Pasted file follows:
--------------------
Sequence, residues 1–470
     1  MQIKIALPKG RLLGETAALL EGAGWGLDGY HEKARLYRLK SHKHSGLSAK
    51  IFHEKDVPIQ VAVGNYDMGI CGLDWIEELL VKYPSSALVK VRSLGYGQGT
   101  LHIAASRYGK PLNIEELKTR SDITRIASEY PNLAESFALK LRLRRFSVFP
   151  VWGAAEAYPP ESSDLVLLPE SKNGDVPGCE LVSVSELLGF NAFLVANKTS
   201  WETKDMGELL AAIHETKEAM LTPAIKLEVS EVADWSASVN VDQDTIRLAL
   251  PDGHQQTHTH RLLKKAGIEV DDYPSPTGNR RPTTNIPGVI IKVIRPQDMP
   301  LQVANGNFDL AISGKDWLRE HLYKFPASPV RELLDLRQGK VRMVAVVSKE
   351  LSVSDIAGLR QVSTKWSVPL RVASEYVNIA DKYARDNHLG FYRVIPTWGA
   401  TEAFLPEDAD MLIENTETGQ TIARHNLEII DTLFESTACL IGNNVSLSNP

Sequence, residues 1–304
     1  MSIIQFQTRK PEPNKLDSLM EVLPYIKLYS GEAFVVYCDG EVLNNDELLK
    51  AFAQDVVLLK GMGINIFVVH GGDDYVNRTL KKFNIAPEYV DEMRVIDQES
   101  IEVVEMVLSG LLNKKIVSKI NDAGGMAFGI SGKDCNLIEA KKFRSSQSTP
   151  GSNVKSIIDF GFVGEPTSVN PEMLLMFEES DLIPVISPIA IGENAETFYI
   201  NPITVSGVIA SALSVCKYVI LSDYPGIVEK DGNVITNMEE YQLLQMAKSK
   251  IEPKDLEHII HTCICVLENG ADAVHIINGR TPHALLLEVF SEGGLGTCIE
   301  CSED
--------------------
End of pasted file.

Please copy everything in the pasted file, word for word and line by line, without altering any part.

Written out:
Sequence, residues 1–470
     1  MQIKIALPKG RLLGETAALL EGAGWGLDGY HEKARLYRLK SHKHSGLSAK
    51  IFHEKDVPIQ VAVGNYDMGI CGLDWIEELL VKYPSSALVK VRSLGYGQGT
   101  LHIAASRYGK PLNIEELKTR SDITRIASEY PNLAESFALK LRLRRFSVFP
   151  VWGAAEAYPP ESSDLVLLPE SKNGDVPGCE LVSVSELLGF NAFLVANKTS
   201  WETKDMGELL AAIHETKEAM LTPAIKLEVS EVADWSASVN VDQDTIRLAL
   251  PDGHQQTHTH RLLKKAGIEV DDYPSPTGNR RPTTNIPGVI IKVIRPQDMP
   301  LQVANGNFDL AISGKDWLRE HLYKFPASPV RELLDLRQGK VRMVAVVSKE
   351  LSVSDIAGLR QVSTKWSVPL RVASEYVNIA DKYARDNHLG FYRVIPTWGA
   401  TEAFLPEDAD MLIENTETGQ TIARHNLEII DTLFESTACL IGNNVSLSNP

Sequence, residues 1–304
     1  MSIIQFQTRK PEPNKLDSLM EVLPYIKLYS GEAFVVYCDG EVLNNDELLK
    51  AFAQDVVLLK GMGINIFVVH GGDDYVNRTL KKFNIAPEYV DEMRVIDQES
   101  IEVVEMVLSG LLNKKIVSKI NDAGGMAFGI SGKDCNLIEA KKFRSSQSTP
   151  GSNVKSIIDF GFVGEPTSVN PEMLLMFEES DLIPVISPIA IGENAETFYI
   201  NPITVSGVIA SALSVCKYVI LSDYPGIVEK DGNVITNMEE YQLLQMAKSK
   251  IEPKDLEHII HTCICVLENG ADAVHIINGR TPHALLLEVF SEGGLGTCIE
   301  CSED